DES MOINES — President Trump’s Midwest is the key gubernatorial battleground in 2018. The swath of states that secured the president’s electoral college victory in 2016 is now home to a series of statehouse contests that could alter the balance of power in a region of the country long crucial to presidential elections.
The stakes are sizable as the two parties intensify their efforts heading into fall campaigning. Democratic victories in the Midwest not only could give the party’s presidential nominee needed help in the 2020 election but also would provide Democrats with new leverage in the critical redistricting battles that will take place after the 2020 Census.
The Midwest secured Trump’s victory in 2016. He carried Iowa and Ohio by surprisingly comfortable margins. He won Wisconsin, Michigan and Pennsylvania each by less than a percentage point. He narrowly lost Minnesota and fell well short in Illinois. Republicans control the governor’s mansions in all of those states except Minnesota and Pennsylvania, and all of them will elect governors in November.
Today just about everything is in play gubernatorially. The Cook Political Report puts Iowa, Michigan and Ohio in the toss-up category, leans Wisconsin toward the GOP and leans Illinois and Minnesota toward the Democrats. The one exception is Pennsylvania: Democratic Gov. Tom Wolf, who played a key role in forcing the drawing of new congressional district lines that are likely to give his party additional House seats in the next Congress, is rated to be in good shape for reelection.
And then there is Kansas, which Trump carried by 21 points. That state too is listed among the toss-ups, because the Republicans just concluded a contentious primary battle that saw incumbent Gov. Jeff Colyer, the establishment favorite, lose to Secretary of State Kris Kobach.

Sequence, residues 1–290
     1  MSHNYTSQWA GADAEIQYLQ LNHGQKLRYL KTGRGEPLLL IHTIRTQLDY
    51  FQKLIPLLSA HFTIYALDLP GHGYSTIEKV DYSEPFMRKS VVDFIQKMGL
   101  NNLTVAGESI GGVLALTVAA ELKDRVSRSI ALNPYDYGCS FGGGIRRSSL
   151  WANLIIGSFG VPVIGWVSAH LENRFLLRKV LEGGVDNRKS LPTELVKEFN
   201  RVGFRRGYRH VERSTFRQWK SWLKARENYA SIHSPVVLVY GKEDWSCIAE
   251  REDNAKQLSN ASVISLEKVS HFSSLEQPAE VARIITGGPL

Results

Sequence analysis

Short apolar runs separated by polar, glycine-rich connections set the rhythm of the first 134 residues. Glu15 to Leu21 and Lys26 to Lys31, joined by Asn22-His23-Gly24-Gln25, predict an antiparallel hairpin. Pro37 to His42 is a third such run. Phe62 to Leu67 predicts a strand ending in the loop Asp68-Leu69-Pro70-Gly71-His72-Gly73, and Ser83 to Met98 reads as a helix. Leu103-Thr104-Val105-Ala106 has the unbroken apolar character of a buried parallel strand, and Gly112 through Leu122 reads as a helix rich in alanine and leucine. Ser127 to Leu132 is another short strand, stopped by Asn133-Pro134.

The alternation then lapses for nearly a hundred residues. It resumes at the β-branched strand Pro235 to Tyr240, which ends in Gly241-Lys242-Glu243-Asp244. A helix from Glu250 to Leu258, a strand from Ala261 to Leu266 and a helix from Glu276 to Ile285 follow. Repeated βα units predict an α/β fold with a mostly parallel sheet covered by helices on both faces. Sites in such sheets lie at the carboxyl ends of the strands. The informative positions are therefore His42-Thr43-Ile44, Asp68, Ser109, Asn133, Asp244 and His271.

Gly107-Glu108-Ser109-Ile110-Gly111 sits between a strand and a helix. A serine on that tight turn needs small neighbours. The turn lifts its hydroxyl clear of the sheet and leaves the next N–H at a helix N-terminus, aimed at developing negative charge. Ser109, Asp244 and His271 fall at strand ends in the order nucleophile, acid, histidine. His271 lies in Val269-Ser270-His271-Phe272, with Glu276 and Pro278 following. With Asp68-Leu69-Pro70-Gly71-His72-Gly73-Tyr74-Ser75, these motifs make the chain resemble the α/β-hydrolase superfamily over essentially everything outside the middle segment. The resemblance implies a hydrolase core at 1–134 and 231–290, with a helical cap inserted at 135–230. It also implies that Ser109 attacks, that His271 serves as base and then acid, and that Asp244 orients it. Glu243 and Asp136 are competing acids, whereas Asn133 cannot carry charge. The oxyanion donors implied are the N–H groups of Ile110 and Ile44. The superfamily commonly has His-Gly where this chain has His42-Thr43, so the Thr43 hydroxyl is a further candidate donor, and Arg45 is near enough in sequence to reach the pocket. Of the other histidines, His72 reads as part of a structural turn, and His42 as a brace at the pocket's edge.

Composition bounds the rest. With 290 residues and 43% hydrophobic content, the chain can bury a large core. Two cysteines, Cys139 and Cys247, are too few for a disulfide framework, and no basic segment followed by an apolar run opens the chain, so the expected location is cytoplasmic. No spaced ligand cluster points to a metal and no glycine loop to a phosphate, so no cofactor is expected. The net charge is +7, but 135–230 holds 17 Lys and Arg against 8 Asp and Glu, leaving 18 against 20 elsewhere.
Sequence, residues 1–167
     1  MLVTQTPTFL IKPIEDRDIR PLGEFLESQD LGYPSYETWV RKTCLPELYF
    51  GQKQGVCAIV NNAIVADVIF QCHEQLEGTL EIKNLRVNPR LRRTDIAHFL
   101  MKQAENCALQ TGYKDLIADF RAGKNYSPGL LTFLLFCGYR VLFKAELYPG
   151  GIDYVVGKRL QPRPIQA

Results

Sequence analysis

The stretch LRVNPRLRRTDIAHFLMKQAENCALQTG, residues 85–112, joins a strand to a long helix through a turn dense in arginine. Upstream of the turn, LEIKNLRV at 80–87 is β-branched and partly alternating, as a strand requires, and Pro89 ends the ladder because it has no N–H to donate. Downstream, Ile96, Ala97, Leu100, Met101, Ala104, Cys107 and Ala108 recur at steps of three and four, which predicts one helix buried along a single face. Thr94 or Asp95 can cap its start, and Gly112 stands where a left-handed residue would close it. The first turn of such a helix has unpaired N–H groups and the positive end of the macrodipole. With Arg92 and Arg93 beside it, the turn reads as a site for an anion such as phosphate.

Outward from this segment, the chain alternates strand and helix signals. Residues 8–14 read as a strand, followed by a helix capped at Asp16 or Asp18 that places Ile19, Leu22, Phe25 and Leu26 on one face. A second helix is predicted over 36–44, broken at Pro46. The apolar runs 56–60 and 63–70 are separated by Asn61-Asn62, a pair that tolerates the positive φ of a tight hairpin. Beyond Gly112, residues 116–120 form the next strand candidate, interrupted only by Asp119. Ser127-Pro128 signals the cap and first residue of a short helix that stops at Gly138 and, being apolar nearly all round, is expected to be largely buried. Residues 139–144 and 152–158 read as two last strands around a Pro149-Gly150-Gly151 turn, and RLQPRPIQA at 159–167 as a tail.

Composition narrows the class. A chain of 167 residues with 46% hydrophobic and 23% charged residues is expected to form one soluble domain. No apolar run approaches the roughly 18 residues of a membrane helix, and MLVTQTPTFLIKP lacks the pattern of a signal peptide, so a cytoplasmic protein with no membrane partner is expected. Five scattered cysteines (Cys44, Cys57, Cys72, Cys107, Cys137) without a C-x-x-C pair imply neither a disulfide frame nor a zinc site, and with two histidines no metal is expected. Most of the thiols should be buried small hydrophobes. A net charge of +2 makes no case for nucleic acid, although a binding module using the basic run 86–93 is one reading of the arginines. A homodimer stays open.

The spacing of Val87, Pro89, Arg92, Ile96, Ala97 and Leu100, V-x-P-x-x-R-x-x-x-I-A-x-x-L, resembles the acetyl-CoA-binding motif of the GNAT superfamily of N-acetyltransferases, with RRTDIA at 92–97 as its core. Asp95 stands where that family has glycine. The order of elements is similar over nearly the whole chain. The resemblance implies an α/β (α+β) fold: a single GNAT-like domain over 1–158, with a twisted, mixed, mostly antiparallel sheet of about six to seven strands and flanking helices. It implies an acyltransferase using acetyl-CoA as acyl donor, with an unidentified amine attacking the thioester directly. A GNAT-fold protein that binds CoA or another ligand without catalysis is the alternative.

Kansas will be a reach for Democrats; few are counting on it. But Kobach, a Trump ally who led the flawed commission tasked with investigating Trump’s unproven claims of voter fraud, carries baggage and a divided party into the general election.
Iowa is a case in point for the state of play in the Midwest. Trump won Iowa by nine points, after former president Barack Obama won it by 10 points in 2008 and by six points in 2012. The shift in the margin of victory between 2012 and 2016 was one of the biggest in the nation. More than 30 of Iowa’s 99 counties flipped from Democrat to Republican between 2012 and 2016.
A year ago, Democratic and Republican strategists gave the advantage in the governor’s race to newly elevated Republican Gov. Kim Reynolds, who as lieutenant governor succeeded long-serving Terry Branstad after he was nominated as U.S. ambassador to China. Today, Democrats are cautiously optimistic and Republicans admittedly nervous. “I think what this election is going to show is that Iowa is a purple state,” said Troy Price, the Iowa Democratic Party chair.
Reynolds should benefit from Iowa’s generally healthy economy and low unemployment rate. GOP strategists say her biography as a product of rural Iowa and working-class roots will play well with voters, and she will contrast her background with that of the Democratic nominee, wealthy businessman Fred Hubbell.
Her challenges, meanwhile, come from various directions. She inherited the governorship and now has to run on her own in a midterm election year in which the party in the White House is historically at a disadvantage.